In all, I probably read some thirty books in 2011. Many of them deserve mention, some of them for how profoundly terrible they are. However, my top five reads for 2011 are as follows:
Anatheism: Returning to God After God, Richard Kearney
After the introduction, I could hardly read more than a few pages without breaking into tears. This work is having a profound impact on my thinking. Anatheism might become my new designation/identity especially if this term starts to find broader use. I love that anatheism, in Kearney's use and in my own developments on the term, allows for atheism, in fact, it embraces atheism as both a necessary and ameliorating intellectual and moral conclusion. I will be writing with reliance on this work for some time, and I apologize in advance for the likelihood that much of my writing will reference this work for the foreseeable immediate future.
Adventures in the Spirit: God, World, Divine Action; Philip Clayton
This work is an important contribution to the development of a truly progressive, science-positive, pluralistic theological method. It explores questions of theological method with a healthy emphasis on the need for inter-religious dialogue. Clayton fairly and informatively develops the historical and contemporary interplay between classical theism, deism, atheism, open theism, panenetheism, and process theism. He develops and defends what he entitles open kenotic process panentheism—a paradigm that I find religiously compelling.
Erotic Justice: A Liberating Ethic of Sexuality, Marvin M. Ellison
Written in the early 1990's, Ellison writes as a gay Christian academic and ethicist prior to the justice advancements for LGBTQ rights in the last twenty years. His context as a sexual minority gives him an insightful perspective on the cultural hegemony of white, patriarchal, monogamous, heterosexual normalcy. He makes sexuality into a justice issue and shows how it operates as a barometer of inequities prevalent in society. Ellison seeks to promote a sex-positive, body friendly (“at-homeness”) sexual ethic that moves beyond both power, possession, and control. This is an excellent read in social justice from a unique perspective. This also seems to be an under-appreciated resource for those interested in constructing an empowering ethic of non-monogamy and/or polyamory.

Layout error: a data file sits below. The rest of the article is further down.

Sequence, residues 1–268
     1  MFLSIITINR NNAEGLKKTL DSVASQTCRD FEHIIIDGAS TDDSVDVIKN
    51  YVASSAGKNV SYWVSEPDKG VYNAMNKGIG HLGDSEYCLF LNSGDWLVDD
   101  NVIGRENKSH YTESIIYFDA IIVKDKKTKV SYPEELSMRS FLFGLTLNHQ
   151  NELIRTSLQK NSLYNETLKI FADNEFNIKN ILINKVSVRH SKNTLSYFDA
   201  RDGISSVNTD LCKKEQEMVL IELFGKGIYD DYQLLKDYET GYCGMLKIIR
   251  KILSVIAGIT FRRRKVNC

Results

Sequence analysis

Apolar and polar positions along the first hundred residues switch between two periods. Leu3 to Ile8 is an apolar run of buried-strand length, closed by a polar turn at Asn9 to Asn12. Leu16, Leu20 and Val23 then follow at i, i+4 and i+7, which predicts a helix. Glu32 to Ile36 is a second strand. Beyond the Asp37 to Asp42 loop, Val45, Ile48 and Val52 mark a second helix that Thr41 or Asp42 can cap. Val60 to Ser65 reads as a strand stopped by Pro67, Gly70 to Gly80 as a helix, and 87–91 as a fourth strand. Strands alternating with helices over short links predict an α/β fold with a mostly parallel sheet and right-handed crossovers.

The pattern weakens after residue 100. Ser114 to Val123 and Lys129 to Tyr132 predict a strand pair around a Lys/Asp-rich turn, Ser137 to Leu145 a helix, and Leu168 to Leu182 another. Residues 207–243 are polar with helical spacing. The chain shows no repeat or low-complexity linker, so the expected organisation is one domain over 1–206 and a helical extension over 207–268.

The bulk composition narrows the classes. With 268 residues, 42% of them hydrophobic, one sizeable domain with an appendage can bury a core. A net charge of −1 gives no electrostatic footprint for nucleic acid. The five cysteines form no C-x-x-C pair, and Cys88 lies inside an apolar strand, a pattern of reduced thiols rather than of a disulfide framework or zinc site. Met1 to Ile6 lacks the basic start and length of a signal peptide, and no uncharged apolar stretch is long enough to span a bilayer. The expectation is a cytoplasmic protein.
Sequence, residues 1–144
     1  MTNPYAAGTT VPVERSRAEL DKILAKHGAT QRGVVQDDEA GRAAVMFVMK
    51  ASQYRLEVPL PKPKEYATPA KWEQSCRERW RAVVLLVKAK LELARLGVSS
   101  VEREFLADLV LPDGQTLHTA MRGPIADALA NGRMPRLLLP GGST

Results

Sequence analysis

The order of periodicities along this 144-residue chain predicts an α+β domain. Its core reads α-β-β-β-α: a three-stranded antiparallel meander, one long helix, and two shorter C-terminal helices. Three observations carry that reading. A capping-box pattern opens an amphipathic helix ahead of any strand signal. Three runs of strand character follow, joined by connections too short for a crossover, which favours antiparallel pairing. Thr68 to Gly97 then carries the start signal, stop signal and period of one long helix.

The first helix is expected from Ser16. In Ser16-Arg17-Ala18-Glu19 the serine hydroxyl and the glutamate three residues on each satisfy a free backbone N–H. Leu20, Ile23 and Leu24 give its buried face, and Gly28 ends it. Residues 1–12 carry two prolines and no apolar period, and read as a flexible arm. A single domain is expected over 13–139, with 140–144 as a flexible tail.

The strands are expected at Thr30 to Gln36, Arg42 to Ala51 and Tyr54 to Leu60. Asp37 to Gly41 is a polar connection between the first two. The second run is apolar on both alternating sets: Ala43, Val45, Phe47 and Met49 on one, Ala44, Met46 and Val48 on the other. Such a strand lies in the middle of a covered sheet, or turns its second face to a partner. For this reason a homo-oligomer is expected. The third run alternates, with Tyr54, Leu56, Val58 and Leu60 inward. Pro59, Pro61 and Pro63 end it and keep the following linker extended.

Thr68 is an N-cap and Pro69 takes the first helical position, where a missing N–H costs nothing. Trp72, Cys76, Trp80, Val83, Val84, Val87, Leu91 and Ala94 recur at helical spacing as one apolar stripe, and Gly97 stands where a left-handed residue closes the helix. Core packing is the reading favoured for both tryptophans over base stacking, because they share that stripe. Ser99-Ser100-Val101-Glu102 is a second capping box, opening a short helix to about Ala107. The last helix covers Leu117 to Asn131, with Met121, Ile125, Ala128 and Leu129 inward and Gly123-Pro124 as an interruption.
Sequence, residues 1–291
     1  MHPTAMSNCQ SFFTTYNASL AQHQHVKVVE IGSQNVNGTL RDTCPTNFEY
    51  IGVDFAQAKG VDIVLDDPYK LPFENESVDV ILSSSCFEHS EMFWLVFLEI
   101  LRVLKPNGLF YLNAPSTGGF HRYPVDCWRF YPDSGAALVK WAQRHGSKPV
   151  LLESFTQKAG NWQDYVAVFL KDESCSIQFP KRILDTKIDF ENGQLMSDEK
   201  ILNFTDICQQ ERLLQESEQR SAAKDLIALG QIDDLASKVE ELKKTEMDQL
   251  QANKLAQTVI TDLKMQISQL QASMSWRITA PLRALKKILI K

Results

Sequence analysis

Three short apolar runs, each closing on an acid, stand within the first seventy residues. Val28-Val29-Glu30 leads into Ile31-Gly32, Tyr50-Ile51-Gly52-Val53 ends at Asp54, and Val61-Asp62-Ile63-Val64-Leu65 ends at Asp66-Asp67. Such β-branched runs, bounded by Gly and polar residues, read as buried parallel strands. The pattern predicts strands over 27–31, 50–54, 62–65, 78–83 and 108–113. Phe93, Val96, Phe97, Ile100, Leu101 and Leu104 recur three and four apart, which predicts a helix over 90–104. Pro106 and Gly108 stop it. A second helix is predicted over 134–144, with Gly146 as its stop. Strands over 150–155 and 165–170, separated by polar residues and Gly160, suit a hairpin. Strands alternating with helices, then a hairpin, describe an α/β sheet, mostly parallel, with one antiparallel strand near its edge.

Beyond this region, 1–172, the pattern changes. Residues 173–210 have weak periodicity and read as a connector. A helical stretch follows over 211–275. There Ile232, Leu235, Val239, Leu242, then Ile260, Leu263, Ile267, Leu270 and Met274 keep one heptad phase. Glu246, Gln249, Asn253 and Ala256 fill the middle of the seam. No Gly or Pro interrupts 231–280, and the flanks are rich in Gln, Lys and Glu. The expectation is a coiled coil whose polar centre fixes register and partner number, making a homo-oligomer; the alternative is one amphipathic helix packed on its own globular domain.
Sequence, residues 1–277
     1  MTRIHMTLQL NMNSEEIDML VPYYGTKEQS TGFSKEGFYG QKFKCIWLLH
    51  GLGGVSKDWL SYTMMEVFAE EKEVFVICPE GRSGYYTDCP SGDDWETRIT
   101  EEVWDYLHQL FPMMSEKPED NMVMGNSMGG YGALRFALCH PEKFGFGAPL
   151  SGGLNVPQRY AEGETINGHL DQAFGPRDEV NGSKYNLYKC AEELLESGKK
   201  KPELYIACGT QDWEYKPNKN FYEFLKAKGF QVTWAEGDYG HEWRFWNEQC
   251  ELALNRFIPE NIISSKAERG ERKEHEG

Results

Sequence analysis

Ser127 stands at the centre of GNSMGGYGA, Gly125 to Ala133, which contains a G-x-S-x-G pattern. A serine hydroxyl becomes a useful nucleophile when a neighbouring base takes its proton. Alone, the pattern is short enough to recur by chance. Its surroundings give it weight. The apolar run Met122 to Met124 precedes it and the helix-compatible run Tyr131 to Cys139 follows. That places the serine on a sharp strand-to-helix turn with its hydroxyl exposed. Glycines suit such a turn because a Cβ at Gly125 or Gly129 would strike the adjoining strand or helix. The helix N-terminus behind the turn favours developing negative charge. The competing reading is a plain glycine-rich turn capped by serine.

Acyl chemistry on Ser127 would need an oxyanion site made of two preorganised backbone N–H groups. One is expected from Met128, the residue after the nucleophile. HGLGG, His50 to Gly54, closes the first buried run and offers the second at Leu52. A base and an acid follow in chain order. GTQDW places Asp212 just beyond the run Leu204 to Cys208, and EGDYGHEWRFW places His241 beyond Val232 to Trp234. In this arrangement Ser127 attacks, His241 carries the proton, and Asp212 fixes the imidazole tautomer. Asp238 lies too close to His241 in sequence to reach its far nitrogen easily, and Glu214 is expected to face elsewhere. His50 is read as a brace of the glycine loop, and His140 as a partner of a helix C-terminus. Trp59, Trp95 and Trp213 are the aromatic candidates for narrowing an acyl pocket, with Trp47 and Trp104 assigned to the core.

Old Testament Ethics for the People of God, Christopher Wright
Wright's work tops the works on biblical studies that I read in 2011. Wright's approach to ethics in the Pentateuch and the Hebrew Prophets begins with a reconstruction of the social settings (the sitz im leben) that form its ethical frameworks. He shows how Old Testament civil-social ethics are inherently situational and contingent on particulars of historical-cultural setting. Against such situational contingencies, Wright then shows how Old Testament ethical assumptions such as the priority of justice, humanity, and compassion can still inform and inspire ethical systems today. He is not an inerrantist who believes that the Bible has to be always correct on matters of morality; instead, he takes an accommodationist approach in which biblical ethics are limited by the ethical imaginations of the biblical authors. Hence, Wright does not give biblical ethics unbridled authority today—they must be understood for their bedrock moral assumptions rather than, as fundamentalists are wont to do, making particulars into universals.
Omnipotence and Other Theological Mistakes, Charles Hartshorne
This work, by Hartshorne, is a brief, cogent presentation of Hartshorne's philosophy and theology. In it he dispels and critiques some of the more damning assumptions and dogmas of traditional theisms such as the idea that revelation or scripture must be inerrant, the idea that God is all powerful, and the idea that immortality must be personal as conscious life after death.